Human needs to guide AI – new research network formed in Örebro
“The artificial intelligence that determines how cars perceive their environment must be developed to become safer and more adapted to humans, especially to older people and children,” says Mehul Bhatt, professor of computer science.
Human needs should guide the development of artificial intelligence, AI. This is the basis for a new international network of researchers and businesses that recently held their network launch meeting in Örebro.
“Our goal is to develop forms of AI that work side by side with humans and adapt to human needs and preferences,” says Mehul Bhatt, professor of computer science at Örebro University.
Örebro University, Chalmers University of Technology in Gothenburg and KTH Royal Institute of Technology in Stockholm collaborate in the “Network on Human-Centered Collaborative Autonomy” to gather research colleagues from, among others, Japan, USA and several European countries – as well as various business partners, such as AB Volvo and ABB Group.
“The network started with an idea workshop on what new directions for research are now needed. We have also taken initiatives for concrete projects, research conferences and specially designed courses and study programmes,” says Mehul Bhatt.
AI and human cognition
As a researcher, Mehul Bhatt combines AI technology research, with research on human cognition, that is, the human ability to receive, store, process and use information. The knowledge about humans is used to develop AI and improve technology. Self-driving cars and industrial robots are a priority area for the new network.
“The artificial intelligence that determines how cars perceive their environment must be developed to become safer and more adapted to humans, especially to older people and children,” says Mehul Bhatt.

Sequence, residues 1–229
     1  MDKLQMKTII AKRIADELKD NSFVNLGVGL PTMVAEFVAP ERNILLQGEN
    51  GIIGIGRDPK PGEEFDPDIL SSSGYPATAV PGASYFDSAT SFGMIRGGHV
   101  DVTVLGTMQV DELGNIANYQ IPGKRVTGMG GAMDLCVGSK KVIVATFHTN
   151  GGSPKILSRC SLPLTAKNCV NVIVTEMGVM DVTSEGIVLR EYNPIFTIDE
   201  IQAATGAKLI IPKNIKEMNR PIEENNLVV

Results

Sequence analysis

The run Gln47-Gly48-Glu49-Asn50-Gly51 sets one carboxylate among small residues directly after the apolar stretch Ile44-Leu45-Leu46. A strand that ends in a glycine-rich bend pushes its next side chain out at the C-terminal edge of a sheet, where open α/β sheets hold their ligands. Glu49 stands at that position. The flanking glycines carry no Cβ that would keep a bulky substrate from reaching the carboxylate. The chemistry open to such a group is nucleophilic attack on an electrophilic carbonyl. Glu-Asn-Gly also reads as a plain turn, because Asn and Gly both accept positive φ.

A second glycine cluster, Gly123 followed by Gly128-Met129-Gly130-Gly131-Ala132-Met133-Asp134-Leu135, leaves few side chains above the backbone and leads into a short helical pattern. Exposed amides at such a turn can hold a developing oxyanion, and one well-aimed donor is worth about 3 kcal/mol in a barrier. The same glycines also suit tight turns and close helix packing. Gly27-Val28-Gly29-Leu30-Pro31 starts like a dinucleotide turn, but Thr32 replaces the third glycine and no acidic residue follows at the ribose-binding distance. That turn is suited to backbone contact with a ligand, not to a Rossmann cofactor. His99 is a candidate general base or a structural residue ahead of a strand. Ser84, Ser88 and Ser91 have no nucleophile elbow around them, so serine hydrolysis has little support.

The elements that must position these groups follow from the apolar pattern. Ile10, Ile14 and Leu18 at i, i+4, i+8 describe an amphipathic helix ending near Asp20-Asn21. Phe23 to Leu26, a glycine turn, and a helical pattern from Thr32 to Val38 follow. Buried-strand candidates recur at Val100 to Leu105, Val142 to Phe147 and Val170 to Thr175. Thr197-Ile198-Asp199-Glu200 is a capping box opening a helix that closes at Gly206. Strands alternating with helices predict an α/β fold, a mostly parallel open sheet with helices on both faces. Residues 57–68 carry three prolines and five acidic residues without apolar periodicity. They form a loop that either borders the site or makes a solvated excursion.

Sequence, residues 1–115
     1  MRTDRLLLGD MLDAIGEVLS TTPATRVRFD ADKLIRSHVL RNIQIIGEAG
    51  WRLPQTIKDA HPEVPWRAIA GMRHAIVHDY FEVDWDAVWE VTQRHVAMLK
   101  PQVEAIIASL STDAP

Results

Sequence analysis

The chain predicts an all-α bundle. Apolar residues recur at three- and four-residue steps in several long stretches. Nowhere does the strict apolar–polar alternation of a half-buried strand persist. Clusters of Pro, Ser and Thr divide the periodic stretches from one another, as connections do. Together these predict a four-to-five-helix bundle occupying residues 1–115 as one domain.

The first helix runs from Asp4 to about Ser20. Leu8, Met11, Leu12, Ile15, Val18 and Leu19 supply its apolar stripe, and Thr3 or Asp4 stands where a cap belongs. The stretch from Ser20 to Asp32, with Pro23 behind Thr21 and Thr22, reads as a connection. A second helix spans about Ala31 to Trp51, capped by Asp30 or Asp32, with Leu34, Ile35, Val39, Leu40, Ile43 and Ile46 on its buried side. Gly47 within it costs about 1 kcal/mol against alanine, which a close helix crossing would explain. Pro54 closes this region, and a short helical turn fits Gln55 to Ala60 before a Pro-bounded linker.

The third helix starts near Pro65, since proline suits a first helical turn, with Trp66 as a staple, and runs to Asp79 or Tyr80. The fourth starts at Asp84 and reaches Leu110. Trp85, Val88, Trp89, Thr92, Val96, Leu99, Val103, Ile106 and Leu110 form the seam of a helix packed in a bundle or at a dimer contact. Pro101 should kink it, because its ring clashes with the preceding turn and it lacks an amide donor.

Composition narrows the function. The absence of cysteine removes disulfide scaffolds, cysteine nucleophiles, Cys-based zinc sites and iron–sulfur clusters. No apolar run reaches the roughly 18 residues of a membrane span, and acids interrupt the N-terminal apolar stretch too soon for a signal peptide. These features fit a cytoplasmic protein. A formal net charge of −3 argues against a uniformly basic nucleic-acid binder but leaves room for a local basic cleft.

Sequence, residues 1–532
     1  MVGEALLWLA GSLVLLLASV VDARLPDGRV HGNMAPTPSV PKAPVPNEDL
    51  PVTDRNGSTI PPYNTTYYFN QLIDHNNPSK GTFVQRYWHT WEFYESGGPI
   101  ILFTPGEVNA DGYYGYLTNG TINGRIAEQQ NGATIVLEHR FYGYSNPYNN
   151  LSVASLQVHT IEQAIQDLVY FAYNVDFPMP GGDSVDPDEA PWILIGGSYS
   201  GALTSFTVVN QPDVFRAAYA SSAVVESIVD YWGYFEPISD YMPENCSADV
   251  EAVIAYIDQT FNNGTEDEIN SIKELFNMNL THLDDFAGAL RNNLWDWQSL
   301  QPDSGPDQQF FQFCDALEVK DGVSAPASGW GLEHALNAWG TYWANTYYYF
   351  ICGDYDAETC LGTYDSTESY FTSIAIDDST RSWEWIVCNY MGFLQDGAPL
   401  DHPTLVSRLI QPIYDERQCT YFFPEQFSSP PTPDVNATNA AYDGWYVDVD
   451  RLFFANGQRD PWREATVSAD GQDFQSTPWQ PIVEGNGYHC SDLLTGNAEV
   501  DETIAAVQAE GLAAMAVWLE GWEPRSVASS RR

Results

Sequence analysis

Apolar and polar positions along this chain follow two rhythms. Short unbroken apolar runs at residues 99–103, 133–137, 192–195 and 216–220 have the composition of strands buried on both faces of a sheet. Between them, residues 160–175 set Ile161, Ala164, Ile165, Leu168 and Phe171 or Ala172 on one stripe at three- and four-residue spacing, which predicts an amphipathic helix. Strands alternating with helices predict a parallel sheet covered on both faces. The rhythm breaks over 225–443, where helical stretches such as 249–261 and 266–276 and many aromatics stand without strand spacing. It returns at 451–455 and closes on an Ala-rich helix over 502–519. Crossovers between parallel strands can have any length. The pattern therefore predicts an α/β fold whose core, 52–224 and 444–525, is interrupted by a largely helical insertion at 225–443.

Next-generation factories are another area. The purpose of the network is to initiate research and development that will lead to robots taking over more of dangerous or strenuous tasks.
More robust and reliable
For Karinne Ramirez-Amaro, researcher at Chalmers University of Technology, one of the goals of the network is to enable safe and trustworthy hybrid decision-making approaches that will enable more robust and reliable collaborations between industrial robots and humans.
“Robots’ ability to perceive and use more of all the small signals and codes that humans use when interacting with each other must also improve. That way, the robots can function better together with humans,” says Mehul Bhatt.
The next step for the members of the network is, among other things, to prepare applications for research funding in collaboration with industry, and to arrange workshops targeting the wider international research community.
Text: Maria Elisson
Translation: Charlotta Hambre-Knight
Photo: Jesper Mattsson